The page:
Cleavage of ECM components is a key requirement for migration of cells, and proteolysis allows release of growth factors and other signaling molecules from extracellular stores. More than a decade ago, Vlodavsky and colleagues showed that heparitinase was able to release fibroblast growth factor 2 from the subendothelial ECM, introducing the concept that growth factor availability could be controlled by selective release from the extracellular environment (40). Subsequent reports have shown that proteases can perform similar functions. A direct role for MMP9 in the regulation of angiogenesis via modulation of growth factor availability was initially demonstrated in homozygous mice with a null mutation in MMP9 (33). More recently, it has been clearly demonstrated that MMP9 mediates release of VEGF from extracellular stores, and that this protease mediates the angiogenic switch (35). In our model, we found a significant difference in the levels of active MMP9 in TSP1-null animals. Higher levels of active MMP9 could potentially facilitate tumor expansion and angiogenesis by release of endothelial growth factors from the matrix. Additional experiments demonstrated that TSP1 suppresses activation of MMP9 by both MMP3 and trypsin. This activity could partially account for the suppressive effects of TSP1 on endothelial cell migration. Also, inhibition of growth factor availability to endothelial cells could contribute to the apoptotic effects of TSP1 on endothelial cells in vivo.

Recently, the use of antibodies generated against an epitope that recognized VEGF bound to VEGFR2 has demonstrated that the level of “bioactive” VEGF is relatively low and is specifically bound to vessels that are in the process of angiogenic remodeling (23). The concept that TSP1 could contribute to the regulated release of VEGF from extracellular stores is an attractive one. By using specific antibodies against VEGF and against VEGF/VEGFR2 complex (23), we have found differences in the distribution of VEGF that correlate with TSP1 production. An increase in “bioactive” VEGF could contribute to the increase in vascular density and the enlarged vascular morphology displayed by the TSP1-deficient tumors. Additional experiments, however, are required to verify this model.

The participation of TSP1 as modulator of enzymatic activity has been previously acknowledged. Specifically, TSP1 has been shown to bind to and inhibit plasmin, neutrophil elastase, and cathepsin G activities (41). Tuszynski and colleagues had previously reported that addition of TSP1 to endothelial cultures increase MMP9 levels (42). We found, as these authors, that exogenous TSP1 added to microvascular endothelial cultures leads to accumulation and stabilization of proMMP9, as can be detected by zymography. However, this increase occurs with a parallel reduction in MMP9 activation/processing (J.C.R.-M. and M.L.I.-A., unpublished observations). More recently, the type I repeats of TSP1 and TSP2 were shown to bind to MMP2 in a yeast two-hybrid screen, and binding was further confirmed with both MMP2 and MMP9 in vitro by coimmunoprecipitation by using purified proteins (43). The authors also demonstrated that presence of TSP1 blocks gelatinolytic activity of these enzymes and speculated that the effect of TSPs might be mediated via block of proMMP2 and proMMP9 processing. Our data are in agreement with these observations and further demonstrate that regulation of MMP9 processing is a relevant function of TSP1 in tumor settings. Furthermore, TSP2 has been shown to regulate MMP2 availability via the low-density lipoprotein-related receptor protein receptor (44). Together these findings are consistent with a role of TSP1 and -2 in the regulation of MMP activity and are in concert with the reported effects of TSP1 as an inhibitor of migration, invasion and angiogenesis.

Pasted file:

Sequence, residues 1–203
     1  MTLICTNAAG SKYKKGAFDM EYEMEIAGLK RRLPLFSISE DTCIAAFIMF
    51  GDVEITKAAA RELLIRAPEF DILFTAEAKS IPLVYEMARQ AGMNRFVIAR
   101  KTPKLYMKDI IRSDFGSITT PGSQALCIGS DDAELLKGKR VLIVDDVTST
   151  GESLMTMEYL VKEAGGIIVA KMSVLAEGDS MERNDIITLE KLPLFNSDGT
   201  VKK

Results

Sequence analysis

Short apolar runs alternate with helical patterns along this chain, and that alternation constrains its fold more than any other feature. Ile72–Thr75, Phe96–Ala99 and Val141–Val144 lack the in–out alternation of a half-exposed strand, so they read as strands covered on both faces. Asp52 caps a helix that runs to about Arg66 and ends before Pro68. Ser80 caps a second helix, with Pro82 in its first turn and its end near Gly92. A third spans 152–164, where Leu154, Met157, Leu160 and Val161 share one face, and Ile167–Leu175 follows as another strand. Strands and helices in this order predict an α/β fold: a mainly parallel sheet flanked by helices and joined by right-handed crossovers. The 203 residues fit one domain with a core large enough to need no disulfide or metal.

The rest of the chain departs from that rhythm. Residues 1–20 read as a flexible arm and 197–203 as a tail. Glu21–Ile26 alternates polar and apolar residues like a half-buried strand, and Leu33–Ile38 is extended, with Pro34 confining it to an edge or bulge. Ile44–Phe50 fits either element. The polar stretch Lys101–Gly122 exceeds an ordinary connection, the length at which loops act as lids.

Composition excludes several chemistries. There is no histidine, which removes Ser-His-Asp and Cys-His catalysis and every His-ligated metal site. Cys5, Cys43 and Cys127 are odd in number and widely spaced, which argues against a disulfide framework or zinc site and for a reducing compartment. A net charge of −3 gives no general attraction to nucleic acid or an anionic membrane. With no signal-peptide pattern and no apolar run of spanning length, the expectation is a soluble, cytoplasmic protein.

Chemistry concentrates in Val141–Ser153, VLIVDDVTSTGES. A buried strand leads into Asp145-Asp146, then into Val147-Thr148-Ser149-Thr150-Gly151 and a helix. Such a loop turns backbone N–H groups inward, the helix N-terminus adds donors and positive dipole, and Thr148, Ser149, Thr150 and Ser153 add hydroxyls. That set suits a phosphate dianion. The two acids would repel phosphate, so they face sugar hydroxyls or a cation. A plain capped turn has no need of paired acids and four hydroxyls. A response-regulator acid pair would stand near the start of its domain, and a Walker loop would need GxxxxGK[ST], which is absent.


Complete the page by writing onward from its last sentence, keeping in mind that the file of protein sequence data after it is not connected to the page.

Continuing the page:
We thank Drs. Don Senger (Beth Israel Medical Deaconess Center, Boston, MA) and Phil Thorpe and Rolf Brekken (University of Texas Southwestern Medical Center, Dallas, TX) for generous provision of antibodies, Dr. Elliot Landaw (BASE Unit at University of California, Los Angeles) for statistical support, Sarah Oikemus for excellent technical assistance, and members of M.L.I.-A.'s lab for helpful discussion. This work was supported by grants from the Department of Defense Army (DAMD 17–94-J-4346), the National Cancer Institute [R29CA65624-05 and the R01CA77420 (to M.L.I.-A.) and CA16042 (to E.L.)], and the National Heart, Lung, and Blood Institute (HL28749 to J.L.).


extracellular matrix
matrix metalloproteinase
vascular endothelial growth factor
platelet-endothelial adhesion molecule
mouse mammary tumor virus